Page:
In the near future, successful care for older adults will depend on bold and creative collaborations.
That’s the message aging pioneer Ken Dychtwald gave last month’s Aging in America conference. Dychtwald, CEO of the consulting group Age Wave, might as well have been describing the “strange bedfellows” collaboration between two organizations often considered mortal enemies – a county aging services agency and a managed health care plan.
In San Diego County, Aging and Independence Services (AIS) has long been heralded as one of the nation’s most progressive organizations serving older adults. It acts as the local Area Agency on Aging, or AAA – one of 59 statewide.
Today, AIS is at the forefront of several creative initiatives to help coordinate care for the county’s vulnerable aging population, including a planned collaboration with the Care1st managed care health plan.
What? An aging services organization partnering with managed care?
Over the past several years, the managed care health plans have struck fear at the heart of California’s aging advocates, who worry the state’s move to place its older, poor and disabled citizens under their supervision will mean the denial of needed health treatment and social services.
Yet Care1st is finalizing a contract with AIS to provide case management and other social services to this older adult population – called “dual eligibles” because they are eligible for services through both Medicare (the aging) and Medi-Cal (the poor). Medi-Cal is California’s version of the national Medicaid program.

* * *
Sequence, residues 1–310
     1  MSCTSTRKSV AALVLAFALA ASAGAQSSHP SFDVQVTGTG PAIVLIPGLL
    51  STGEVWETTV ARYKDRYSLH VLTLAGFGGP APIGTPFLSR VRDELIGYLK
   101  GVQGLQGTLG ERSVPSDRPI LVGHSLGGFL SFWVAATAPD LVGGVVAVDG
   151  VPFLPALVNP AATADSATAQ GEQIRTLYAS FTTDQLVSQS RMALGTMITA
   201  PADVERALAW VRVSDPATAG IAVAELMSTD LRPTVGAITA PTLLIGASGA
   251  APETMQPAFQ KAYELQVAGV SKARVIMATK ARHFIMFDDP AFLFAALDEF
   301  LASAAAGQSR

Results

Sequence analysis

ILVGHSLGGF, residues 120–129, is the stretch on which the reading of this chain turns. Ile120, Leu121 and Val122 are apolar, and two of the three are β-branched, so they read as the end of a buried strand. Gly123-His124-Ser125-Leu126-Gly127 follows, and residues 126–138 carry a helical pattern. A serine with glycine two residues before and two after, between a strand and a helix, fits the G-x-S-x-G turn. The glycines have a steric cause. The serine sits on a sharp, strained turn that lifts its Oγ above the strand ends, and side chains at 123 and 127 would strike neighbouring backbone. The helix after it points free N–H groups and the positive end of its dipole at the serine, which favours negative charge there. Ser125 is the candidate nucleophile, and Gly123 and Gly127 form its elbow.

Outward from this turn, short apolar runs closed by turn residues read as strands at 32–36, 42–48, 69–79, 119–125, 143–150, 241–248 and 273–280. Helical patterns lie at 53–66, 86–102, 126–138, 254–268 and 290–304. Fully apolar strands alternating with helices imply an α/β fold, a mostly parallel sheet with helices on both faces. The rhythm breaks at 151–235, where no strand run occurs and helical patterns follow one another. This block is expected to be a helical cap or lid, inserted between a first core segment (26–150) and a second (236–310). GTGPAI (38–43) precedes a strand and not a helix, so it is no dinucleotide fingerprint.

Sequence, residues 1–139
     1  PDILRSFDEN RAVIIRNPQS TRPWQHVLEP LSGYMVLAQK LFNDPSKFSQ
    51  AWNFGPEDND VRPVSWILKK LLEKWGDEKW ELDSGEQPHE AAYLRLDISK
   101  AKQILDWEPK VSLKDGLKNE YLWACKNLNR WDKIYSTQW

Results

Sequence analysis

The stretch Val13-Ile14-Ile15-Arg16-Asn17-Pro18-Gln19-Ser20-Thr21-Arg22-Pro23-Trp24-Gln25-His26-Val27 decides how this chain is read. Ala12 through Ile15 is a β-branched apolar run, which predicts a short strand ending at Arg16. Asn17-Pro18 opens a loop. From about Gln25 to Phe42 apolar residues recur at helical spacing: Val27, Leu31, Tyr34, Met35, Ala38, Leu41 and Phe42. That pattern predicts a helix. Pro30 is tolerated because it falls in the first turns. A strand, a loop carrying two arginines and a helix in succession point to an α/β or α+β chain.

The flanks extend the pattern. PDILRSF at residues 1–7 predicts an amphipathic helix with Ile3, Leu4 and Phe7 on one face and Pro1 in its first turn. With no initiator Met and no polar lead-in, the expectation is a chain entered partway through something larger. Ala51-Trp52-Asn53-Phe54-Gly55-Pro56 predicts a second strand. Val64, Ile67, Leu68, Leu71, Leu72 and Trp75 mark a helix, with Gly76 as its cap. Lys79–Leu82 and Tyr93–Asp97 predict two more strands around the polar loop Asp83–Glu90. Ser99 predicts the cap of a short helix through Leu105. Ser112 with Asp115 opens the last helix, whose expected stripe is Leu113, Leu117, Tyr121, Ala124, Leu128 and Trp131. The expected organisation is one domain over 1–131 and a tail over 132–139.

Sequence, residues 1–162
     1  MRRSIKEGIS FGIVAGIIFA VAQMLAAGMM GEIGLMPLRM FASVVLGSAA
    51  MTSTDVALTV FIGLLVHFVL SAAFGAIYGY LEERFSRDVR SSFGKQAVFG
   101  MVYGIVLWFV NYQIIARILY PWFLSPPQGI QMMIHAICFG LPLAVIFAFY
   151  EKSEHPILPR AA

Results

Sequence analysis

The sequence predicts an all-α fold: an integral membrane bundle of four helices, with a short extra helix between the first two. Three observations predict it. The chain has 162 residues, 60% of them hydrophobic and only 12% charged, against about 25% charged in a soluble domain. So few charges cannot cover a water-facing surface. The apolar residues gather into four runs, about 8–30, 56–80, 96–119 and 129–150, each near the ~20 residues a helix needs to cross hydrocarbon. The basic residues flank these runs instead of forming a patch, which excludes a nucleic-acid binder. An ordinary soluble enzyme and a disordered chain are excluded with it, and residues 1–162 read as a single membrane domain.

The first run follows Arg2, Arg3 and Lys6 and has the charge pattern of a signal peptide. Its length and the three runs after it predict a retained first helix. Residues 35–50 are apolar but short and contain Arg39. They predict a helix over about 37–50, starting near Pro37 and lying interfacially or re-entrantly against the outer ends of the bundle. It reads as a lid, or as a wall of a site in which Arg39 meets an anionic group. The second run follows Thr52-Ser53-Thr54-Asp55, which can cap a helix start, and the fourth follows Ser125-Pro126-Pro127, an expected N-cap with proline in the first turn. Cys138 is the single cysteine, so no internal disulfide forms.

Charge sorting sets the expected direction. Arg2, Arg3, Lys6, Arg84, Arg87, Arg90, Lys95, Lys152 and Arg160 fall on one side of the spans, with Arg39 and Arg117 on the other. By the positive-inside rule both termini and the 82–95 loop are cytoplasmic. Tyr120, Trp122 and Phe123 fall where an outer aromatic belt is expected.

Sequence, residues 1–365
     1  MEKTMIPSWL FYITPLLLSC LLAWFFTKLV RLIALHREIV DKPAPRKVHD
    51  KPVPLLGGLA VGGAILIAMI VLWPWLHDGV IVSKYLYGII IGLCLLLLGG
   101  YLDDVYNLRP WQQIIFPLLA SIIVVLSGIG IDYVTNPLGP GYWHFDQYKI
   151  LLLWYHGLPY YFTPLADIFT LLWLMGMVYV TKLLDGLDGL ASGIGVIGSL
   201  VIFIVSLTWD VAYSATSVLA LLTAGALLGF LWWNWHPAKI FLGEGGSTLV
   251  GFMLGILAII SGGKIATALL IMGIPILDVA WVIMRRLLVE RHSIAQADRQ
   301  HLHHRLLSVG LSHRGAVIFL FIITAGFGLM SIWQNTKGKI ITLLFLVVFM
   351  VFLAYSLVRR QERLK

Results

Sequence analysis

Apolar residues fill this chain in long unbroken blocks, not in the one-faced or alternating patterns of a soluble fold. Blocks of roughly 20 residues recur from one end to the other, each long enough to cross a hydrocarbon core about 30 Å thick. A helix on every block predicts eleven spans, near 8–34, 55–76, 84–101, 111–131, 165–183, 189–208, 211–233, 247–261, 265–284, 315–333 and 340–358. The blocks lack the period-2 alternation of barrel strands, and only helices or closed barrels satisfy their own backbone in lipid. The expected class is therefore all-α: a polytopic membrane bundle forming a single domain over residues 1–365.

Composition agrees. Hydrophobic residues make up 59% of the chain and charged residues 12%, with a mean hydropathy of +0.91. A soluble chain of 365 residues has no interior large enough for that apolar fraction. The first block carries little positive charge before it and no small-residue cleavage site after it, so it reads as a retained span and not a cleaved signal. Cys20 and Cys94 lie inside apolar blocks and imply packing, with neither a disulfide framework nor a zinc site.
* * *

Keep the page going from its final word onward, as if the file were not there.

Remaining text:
The contract is expected to be signed this week.
On April 1st, managed care health plans in four pilot counties – including San Diego – took over responsibility for these dual eligibles, a vexing population which often suffers from complex and expensive chronic diseases.
“The state is giving these folks to us because they’re going broke trying to take care of them,” says Pamela Mokler, vice president of long term services and supports
Hoping to improve services yet cut expenses for these duals, Care1st approached AIS with a unique offer: Since you have the expertise to care for this vulnerable population, can we hire you?
At the center of this proposal is the state’s wraparound program for older adults known as MSSP – the Multipurpose Senior Services Program. MSSP helps frail elderly clients who would typically be placed in expensive nursing homes by providing them with additional health care and social supports to keep them independent or at lower cost facilities. Clients must be 65 to qualify.
AIS is already the official supplier of these services in San Diego County.
Yet there are only 550 MSSP slots awarded by the state to the county. And that means clients who may need these important wraparound services – in-home care, home delivered meals, transportation for the disabled, and other social services – may not receive them.
The collaboration will try to fix that.
Why? Otherwise patients could face even more costly health problems.
In fact, that’s just what Care1st discovered when the state placed another vulnerable population with them in 2012 – SPDs, or Seniors and Persons with Disabilities – who often suffer from extensive physical, mental health, and substance abuse problems.